Sexual Content: 10/10
Cultural/Moral/Ethical: 10/10

So yes, there is multiplayer support.  You can have up to four players in a game.  The players have to be in the game before it starts, you cannot join mid-game.  You can play locally, on a LAN, or through the internet.  The game difficulty does not get any harder when other people join; the only challenge added is not killing your friends!  There are two online game modes, Adventure and Challenge.  In challenge mode you have to fight off waves of enemies and whomever stays alive the longest lives.  The adventure mode is playing the main storyline with help.  Any progress made or spells learned are carried back over to the host alone.  If you play on someone else’s game your save file won’t be impacted at all. It’s also worth noting that the save games are stored locally so if you play on multiple computers you will have to manually transfer over your saves between systems.

With the negatives out of the way, let’s discuss what this game does right.   The graphics are colorful and the monsters are nicely detailed and well animated.  The bosses are daunting and there is a trick to everything: if you keep on getting killed, you’re doing something wrong.  Each enemy has an element that it’s weak to.  You also have to be careful since some elements actually HEAL the enemy instead of hurt them.  The trick is to think and find the opposite element to hurt your foe.  If they attack with fire, cool them off with some ice.  Keep this tip in mind when you battle Death himself…

I love the humor in this game.  Magicka pays homage to many games and movies that I recognized.  There are references to Kings Quest, Zelda, Metal Gear Solid, Star Wars, Back to the Future, Highlander and more.    If you like RPG’s, this game will poke fun at that genre too.  The sound effects are great and the music is pleasant to listen to.  The enemies each have their own sayings for example the druids chant “Ni!” when they cast their spells and the goblins yell ”Scotty!” whenever they warp.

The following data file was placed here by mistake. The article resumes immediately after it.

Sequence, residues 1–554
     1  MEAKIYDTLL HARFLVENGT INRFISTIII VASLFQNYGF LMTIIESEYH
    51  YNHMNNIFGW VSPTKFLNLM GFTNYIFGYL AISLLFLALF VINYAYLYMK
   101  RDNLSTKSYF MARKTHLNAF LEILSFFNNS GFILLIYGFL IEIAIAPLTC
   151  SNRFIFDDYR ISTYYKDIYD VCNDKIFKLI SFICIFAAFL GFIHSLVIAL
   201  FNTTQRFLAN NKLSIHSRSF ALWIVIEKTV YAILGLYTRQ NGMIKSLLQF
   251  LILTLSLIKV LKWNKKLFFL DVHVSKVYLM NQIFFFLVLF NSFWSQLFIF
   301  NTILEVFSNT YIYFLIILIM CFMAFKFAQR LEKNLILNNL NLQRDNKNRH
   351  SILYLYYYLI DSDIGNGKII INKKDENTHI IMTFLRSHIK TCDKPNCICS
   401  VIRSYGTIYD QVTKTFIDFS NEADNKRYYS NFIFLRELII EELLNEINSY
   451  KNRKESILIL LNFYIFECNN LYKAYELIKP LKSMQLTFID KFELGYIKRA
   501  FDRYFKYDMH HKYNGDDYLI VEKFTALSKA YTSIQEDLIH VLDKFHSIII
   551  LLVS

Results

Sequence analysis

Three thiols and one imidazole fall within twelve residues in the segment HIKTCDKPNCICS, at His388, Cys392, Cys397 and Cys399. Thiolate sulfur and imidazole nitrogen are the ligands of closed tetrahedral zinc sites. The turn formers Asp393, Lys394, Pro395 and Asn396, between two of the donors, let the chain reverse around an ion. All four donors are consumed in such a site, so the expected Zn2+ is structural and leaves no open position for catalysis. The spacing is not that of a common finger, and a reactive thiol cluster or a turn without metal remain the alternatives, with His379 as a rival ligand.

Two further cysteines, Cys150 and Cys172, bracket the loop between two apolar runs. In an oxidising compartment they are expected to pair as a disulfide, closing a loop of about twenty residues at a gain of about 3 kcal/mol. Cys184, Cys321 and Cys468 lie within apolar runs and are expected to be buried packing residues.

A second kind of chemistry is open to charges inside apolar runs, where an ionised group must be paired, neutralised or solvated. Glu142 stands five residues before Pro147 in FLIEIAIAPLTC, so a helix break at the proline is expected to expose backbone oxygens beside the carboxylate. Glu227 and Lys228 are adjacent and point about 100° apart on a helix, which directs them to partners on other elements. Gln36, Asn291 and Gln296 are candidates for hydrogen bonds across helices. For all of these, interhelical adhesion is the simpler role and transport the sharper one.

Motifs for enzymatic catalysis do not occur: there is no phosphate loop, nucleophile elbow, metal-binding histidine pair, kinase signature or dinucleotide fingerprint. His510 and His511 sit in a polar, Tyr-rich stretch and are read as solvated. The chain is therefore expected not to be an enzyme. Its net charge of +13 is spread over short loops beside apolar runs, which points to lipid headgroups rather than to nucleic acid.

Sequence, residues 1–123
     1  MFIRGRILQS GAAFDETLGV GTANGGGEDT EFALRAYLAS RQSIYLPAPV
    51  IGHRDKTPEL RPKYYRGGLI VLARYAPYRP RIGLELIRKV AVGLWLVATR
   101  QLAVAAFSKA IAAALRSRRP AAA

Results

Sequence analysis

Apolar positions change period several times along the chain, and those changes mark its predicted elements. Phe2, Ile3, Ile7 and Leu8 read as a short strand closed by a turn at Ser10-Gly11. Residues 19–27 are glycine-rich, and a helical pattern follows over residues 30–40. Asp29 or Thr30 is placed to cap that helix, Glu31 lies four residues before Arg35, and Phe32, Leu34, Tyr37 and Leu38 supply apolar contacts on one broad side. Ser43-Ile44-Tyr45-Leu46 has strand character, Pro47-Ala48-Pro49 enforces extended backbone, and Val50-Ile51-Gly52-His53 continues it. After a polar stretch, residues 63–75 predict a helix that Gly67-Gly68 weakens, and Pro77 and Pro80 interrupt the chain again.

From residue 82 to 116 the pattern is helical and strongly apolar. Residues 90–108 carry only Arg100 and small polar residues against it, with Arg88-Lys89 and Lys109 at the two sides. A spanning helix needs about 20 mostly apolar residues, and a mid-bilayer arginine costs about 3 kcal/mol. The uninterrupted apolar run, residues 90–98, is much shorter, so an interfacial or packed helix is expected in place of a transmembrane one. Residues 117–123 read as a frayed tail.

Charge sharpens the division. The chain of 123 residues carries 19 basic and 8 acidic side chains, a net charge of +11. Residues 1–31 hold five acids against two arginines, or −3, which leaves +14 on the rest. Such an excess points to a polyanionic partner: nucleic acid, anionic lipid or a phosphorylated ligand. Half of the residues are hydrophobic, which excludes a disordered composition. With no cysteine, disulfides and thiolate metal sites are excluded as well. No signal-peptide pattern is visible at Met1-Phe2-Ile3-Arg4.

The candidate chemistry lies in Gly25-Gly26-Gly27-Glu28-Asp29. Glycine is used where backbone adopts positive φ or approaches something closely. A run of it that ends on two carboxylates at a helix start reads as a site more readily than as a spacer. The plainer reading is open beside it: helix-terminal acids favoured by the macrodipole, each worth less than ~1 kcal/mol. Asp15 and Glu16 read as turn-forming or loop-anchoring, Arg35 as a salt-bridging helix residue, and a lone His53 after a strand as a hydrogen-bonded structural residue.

Unfortunately some of the humor is a little off color and some of the achievements have some language in them. If you don’t like magic or violence, this is not a game for you.  By default, there are pools of blood and gibs flying around when you kill a monster.  While the blood can be disabled, the magic is unavoidable.

For $9.99, Magicka is definitely a fun game and worth buying if you like satire or fantasy based games. With a big enough party, you can easily blitz through the game relatively quickly. With the challenge mode and the ability to play the game at a harder level after beating it, there’s plenty of game time here. Many of the show stopping bugs have been squashed so I’d recommend this game now. That would have been a different scenario a couple of weeks ago, though.


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Cheryl Gress

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Christ Centered Gamer looks at video games from two view points. We analyze games on a secular level which will break down a game based on its graphics, sound, stability and overall gaming experience. If you’re concerned about the family friendliness of a game, we have a separate moral score which looks at violence, language, sexual content, occult references and other ethical issues.